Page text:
June 2015

 Research on how to teach children with ADHD is unanimous.

Let them move.

“Patients and teachers need to stop telling children to sit still,” says Dr. Julie Schweitzer, Professor of Psychiatry and Behavioral Sciences at the MIND Institute with the University of California in Davis. While Schweitzer acknowledges that physical activity can be disruptive to others, “we need to find ways to integrate socially appropriate ways of moving.”

True for children with ADHD (Attention Deficit Hyperactivity Disorder). True for many business situations, as well.

Moving increases alertness, so the theory goes, when you have ADHD.

Our ability to stay alert is, of course, a key factor in completing any business task, as well. How often have you sat in a meeting and thought to yourself this conversation is going nowhere? Quite possibly, the conversation isn’t moving because no one present is physically moving.

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So many reasons to be impatient, aren’t there?

Impatient with the snail’s pace of how decisions are made.

Impatient with colleagues who don’t get their stuff done.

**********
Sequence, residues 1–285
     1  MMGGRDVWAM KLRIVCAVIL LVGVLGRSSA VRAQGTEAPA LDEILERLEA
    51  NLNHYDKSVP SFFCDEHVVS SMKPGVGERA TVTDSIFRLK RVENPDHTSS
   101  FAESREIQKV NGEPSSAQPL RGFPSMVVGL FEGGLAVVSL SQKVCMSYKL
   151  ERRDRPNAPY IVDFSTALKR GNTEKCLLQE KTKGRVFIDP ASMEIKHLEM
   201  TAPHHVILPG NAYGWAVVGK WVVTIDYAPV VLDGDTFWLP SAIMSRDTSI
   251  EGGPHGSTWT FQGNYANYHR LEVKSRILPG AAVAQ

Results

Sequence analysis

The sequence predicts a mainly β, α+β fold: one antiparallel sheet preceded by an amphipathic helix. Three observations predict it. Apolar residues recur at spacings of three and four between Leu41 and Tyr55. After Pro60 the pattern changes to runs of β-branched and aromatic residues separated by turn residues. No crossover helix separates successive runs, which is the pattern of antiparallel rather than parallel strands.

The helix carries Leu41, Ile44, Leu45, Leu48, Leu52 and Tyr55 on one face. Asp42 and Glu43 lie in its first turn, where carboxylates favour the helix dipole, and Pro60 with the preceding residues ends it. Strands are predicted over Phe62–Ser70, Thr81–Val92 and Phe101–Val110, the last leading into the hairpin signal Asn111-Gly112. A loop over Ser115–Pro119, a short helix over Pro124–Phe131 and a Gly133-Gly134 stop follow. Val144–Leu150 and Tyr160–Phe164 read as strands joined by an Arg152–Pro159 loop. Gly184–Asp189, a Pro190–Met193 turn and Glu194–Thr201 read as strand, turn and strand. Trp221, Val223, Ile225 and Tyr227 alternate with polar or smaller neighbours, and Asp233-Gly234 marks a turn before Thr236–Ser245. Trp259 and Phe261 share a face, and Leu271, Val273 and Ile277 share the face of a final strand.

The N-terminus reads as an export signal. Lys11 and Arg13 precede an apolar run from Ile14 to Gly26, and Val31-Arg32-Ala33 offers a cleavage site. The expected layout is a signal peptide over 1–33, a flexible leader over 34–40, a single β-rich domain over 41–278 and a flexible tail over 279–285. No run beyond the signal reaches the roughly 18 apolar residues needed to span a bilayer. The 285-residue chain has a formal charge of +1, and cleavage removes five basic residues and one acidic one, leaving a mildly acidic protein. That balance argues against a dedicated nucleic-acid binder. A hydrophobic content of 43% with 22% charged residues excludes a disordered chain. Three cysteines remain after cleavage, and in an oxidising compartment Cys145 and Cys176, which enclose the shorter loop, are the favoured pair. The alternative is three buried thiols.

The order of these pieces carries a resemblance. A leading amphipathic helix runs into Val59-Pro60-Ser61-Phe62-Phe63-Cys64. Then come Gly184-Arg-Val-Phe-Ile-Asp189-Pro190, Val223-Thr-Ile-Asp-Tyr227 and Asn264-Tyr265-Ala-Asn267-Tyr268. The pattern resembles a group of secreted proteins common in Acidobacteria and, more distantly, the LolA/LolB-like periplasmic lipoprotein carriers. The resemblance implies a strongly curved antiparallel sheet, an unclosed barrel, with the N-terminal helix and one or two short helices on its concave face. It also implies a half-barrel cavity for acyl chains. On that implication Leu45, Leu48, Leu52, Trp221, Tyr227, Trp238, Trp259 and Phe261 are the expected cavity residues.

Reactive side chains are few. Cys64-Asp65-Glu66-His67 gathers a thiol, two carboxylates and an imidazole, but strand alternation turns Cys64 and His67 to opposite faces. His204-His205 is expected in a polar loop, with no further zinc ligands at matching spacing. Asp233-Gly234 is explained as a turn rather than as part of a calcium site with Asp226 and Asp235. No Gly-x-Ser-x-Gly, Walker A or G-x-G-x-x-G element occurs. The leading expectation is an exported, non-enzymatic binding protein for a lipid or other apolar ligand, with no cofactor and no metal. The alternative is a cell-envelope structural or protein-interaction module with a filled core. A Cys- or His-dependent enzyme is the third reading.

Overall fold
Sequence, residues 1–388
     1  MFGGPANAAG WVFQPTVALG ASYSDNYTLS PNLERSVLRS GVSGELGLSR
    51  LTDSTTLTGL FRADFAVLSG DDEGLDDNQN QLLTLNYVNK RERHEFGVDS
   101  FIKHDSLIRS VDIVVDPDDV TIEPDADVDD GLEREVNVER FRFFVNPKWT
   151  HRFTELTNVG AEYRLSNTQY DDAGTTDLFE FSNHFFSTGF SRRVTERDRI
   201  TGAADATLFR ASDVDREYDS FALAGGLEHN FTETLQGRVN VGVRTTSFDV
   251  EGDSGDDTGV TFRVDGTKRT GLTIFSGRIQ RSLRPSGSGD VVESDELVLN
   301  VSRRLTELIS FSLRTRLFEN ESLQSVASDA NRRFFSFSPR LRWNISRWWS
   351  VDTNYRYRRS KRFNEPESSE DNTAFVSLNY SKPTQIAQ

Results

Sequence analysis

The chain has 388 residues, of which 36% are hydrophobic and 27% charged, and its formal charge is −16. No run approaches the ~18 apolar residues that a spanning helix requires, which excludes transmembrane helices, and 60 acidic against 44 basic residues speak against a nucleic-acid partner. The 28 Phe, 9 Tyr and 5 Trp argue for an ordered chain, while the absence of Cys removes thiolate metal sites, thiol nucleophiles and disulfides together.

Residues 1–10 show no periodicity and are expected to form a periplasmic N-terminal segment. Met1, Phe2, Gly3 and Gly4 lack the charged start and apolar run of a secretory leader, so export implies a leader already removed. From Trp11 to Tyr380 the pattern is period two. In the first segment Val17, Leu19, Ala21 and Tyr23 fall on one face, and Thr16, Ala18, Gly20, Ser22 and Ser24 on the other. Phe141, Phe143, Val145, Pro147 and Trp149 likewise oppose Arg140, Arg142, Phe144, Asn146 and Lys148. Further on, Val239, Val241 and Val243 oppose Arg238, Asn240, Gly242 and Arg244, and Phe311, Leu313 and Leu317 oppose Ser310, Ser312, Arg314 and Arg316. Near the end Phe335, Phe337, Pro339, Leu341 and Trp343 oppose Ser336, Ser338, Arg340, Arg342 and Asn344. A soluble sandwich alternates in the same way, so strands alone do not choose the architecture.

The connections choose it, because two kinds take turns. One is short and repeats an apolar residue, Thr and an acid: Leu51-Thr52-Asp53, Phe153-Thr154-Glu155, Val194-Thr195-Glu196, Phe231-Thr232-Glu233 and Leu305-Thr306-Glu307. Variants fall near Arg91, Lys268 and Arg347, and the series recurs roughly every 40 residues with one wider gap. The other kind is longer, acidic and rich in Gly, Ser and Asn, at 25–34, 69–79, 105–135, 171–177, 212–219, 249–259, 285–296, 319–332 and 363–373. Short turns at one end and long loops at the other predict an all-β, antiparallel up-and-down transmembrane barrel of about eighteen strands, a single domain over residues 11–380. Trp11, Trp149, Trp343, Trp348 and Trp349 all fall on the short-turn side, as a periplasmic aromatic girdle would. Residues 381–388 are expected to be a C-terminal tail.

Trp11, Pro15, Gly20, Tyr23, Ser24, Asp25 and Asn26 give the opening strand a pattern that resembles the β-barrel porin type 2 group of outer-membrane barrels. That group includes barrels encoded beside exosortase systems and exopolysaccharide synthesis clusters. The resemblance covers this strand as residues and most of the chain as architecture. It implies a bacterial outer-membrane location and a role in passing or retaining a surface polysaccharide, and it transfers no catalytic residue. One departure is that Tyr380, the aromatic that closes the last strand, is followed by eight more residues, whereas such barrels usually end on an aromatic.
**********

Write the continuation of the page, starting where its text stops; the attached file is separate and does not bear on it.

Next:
Impatient with yet another layer of process.

Impatient with incompetence.

Impatience with folks who lie.

Impatient with the status quo.

And yet, if you’re the one who gets impatient in a meeting, they suddenly call you an arrogant sonofabitch. What’s up with that?

Patience is a virtue. Impatience is a bigger virtue.

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Sometimes, you gotta deliver bad news.

If you’re a physician, you deliver bad news a lot.

Dr. Andrew Epstein, an oncologist at Memorial Sloan Kettering Center in Manhattan, leads a monthly seminar for medical students on how to dicuss bad medical news with patients and families.

I am struck by the simple wisdom of Dr. Epstein’s guidelines (The Wall Street Journal, 5/19/2015). This wisdom applies to absolutely any conversation we have.

  • Deliver bad news in a quiet, private area.
  • Ask what they already know about their medical situation. And ask for permission to sharae the news you have.
  • Use silence to acknowledge emotions.
  • Show empathy. It is OK for doctors to shed tears with their patients.
  • Talk about next steps.
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We had a great conversation! you say enthusiastically after you leave the meeting, a satisfied grin on your face.

What made it a great conversation? You enjoyed it? It flowed effortlessly? You got your point across? You got the outcome you desired?

Does it mean it’s NOT a great conversation if you didn’t get what you wanted?

I propose a different personal standard for a great conversation.

You dual-tracked it.

That’s what great business conversationalists do. They play on two tracks, at the same time, all the time.

 Track 1:      I listen to what my conversation partner is saying.

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